DnD grapple 5e guide

This 5e Grapple guide will teach you everything you need to know about grappling in D&D, and fill you in on how the Grappler feat works.

DnD grapple 5e: Two DnD characters struggling to overpower each other.

When you need your D&D character to restrain an owlbear or are itching to put a beholder in a bear hug, the move you’re looking for is the DnD grapple 5e. Slinging a fireball or swinging a sword at an oncoming monster is all very well and good, but sometimes you’d rather get up close and personal.

Your common, everyday 5e grapple is a type of attack move that deals no damage, but when successful it prevents an enemy from moving around. They now have the grappled condition, essentially removing their speed. Grappling can therefore be super useful in a number of D&D scenarios, from catching a fleeing DnD Rogue, to preventing a minion from performing a detrimental action like sounding an alarm, or activating the snake pit trapdoor.

You don’t need pages upon pages to understand grappling because the grapple 5e rules are far simpler than the ones you’d find in previous editions of the game. That said, grappling is still one of the more niche combat moves. If you’re looking for a recap, here’s everything you need to know about how to grapple in D&D 5e. We’ll have you all filled in and ready to rumble in a jiffy.

Every DM needs to understand how a D&D grapple works, but it also helps for players to learn, too. So, once you’re done mulling over your favorite DnD classes, DnD races, DnD backgrounds, and DnD character builds, take a look at our comprehensive guide to the grapple.

DnD grapple 5e - Wizards of the Coast art of shirtless characters stretching, with an enormous lizard person in the background

Grapple 5e rules

When you attempt to grapple, you’re taking a special kind of melee attack action. The rules are very similar to those used when trying to shove an enemy prone 5e. You can only target creatures up to one size larger than you, and instead of an attack roll, you make a strength check contested by your target’s strength or dexterity DnD stats.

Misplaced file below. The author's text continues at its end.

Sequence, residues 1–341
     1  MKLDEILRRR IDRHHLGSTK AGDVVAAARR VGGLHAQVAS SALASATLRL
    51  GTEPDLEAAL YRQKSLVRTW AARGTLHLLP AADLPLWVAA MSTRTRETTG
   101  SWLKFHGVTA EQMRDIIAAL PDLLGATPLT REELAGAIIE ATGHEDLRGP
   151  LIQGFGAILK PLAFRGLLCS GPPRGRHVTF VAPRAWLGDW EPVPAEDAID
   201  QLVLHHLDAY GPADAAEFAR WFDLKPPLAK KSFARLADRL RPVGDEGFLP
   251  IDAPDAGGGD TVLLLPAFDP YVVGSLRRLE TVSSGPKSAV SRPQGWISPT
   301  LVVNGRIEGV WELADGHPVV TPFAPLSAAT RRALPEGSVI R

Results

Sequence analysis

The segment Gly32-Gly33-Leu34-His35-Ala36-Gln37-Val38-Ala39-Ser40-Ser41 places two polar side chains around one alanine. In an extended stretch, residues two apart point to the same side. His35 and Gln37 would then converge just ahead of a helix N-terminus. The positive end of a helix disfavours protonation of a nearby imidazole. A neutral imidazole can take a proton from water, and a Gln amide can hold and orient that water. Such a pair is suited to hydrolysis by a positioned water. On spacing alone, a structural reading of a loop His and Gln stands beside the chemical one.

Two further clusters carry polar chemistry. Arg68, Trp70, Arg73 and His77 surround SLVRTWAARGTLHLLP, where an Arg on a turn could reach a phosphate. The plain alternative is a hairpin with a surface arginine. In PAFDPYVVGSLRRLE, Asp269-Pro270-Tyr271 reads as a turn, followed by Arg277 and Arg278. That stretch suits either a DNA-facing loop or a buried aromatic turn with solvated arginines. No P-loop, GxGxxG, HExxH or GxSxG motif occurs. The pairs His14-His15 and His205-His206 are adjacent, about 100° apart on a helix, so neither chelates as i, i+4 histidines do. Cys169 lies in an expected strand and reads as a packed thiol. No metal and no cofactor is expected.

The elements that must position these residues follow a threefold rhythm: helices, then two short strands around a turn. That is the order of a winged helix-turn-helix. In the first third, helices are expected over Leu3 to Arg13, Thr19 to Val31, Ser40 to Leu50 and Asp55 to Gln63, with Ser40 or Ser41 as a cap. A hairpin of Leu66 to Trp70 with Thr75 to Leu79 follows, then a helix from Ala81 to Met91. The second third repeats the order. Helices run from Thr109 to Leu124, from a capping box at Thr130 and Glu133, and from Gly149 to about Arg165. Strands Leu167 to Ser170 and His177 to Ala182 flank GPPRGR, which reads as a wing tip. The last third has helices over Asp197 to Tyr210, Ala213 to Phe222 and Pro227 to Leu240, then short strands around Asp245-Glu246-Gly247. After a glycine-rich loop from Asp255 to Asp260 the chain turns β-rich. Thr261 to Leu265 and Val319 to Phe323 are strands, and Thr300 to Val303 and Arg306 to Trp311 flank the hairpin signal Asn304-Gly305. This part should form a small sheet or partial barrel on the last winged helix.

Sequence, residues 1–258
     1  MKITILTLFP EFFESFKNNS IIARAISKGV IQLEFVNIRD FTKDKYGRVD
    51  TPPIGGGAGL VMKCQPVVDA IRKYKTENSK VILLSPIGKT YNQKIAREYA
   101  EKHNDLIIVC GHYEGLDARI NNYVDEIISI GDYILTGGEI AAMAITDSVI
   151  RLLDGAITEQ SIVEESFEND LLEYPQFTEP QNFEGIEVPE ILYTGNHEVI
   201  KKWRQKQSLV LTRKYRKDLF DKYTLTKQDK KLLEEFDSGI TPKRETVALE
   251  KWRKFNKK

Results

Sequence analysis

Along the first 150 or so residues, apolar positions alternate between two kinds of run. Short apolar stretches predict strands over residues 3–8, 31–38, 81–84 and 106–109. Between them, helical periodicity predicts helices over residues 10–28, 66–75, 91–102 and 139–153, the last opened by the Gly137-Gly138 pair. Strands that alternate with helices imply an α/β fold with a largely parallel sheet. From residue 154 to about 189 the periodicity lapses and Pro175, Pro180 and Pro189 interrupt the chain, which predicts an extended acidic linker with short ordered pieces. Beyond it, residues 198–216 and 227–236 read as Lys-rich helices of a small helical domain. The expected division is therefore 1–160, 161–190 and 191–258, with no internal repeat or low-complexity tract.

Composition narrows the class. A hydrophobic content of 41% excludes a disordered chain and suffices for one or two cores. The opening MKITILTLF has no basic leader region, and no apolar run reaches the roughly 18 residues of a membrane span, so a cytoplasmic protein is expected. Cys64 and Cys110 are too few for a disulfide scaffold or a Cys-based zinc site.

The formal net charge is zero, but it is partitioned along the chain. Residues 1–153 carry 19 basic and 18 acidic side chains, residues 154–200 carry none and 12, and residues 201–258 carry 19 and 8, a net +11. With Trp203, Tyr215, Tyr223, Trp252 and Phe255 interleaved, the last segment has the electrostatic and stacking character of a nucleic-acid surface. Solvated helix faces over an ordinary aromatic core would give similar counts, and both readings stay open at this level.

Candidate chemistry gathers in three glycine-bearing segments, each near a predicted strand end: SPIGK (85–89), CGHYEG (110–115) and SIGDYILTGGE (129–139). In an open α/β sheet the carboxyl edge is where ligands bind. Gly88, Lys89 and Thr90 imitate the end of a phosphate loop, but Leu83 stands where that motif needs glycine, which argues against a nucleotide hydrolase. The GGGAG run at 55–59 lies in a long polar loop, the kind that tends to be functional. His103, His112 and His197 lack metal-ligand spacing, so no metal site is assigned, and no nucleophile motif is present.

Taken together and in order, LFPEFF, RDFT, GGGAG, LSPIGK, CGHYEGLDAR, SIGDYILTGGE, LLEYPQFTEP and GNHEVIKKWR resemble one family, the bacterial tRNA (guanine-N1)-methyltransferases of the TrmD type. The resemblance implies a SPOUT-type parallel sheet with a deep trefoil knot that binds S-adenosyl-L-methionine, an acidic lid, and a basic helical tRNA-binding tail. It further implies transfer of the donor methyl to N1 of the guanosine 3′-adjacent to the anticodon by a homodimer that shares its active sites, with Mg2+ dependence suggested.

Once you’re grappling a creature, they have the grappled condition (makes sense) which means their speed goes to zero, and they can’t move. They can still attack you though, so you may want to be careful who or what you grapple with. Before trying to force a dangerous DnD monster into a headlock with a grapple, consider finding a way to restrain your foe, or just running away.

A creature can attempt to escape a grapple and end the grappled condition by using up their action. Essentially when doing this, the original grapple check is rolled again – the grapple-ee tests their strength or dexterity against the strength of the grappler.

You might think that with an enemy held in place, it’d be easier to hit them, but in fact you and the rest of your party don’t normally get any bonus to attacks made against a grappled foe. (Unless you knock them prone, which is a great idea as they’ll then have to break the grapple before they can stand back up.)

However, there are also few downsides to the DnD 5e grapple. You can still attack or cast 5e spells as normal with an opponent grappled – in fact you can pretty much take any action that doesn’t require two hands. You can also still move around while keeping hold of your grappled target. However, lugging a struggling bad guy around the battlefield isn’t easy, so your speed will be halved unless you’re two sizes (or more) bigger than the guy you’re holding onto.

DnD grapple 5e - Wizards of the Coast art of a warrior armed with a staff leaping towards a giant warrior.

Grappler 5e feat

If grappling is something you’re super keen on, it could be worth taking the Grappler feat. The only prerequisite for this feat is that you have a strength stat of at least 13. While Grappler is certainly not among the best 5e feats, it still has its uses.

Basically, the Grappler feat means you have advantage against your grappled foe. Grappler also gives you the chance to pin a creature you have grappled, giving both you and it the restrained condition.

But, unfortunately, that latter move probably isn’t worth doing most of the time, unless you don’t mind dramatically lowering your own damage output to give your party a chance to wail on a guy. If you’re really trying to go for a highly optimized D&D character build, it’s probably not worth taking Grappler over an ability score increase. But it could be fun on a character who’s like… a pro wrestler or something.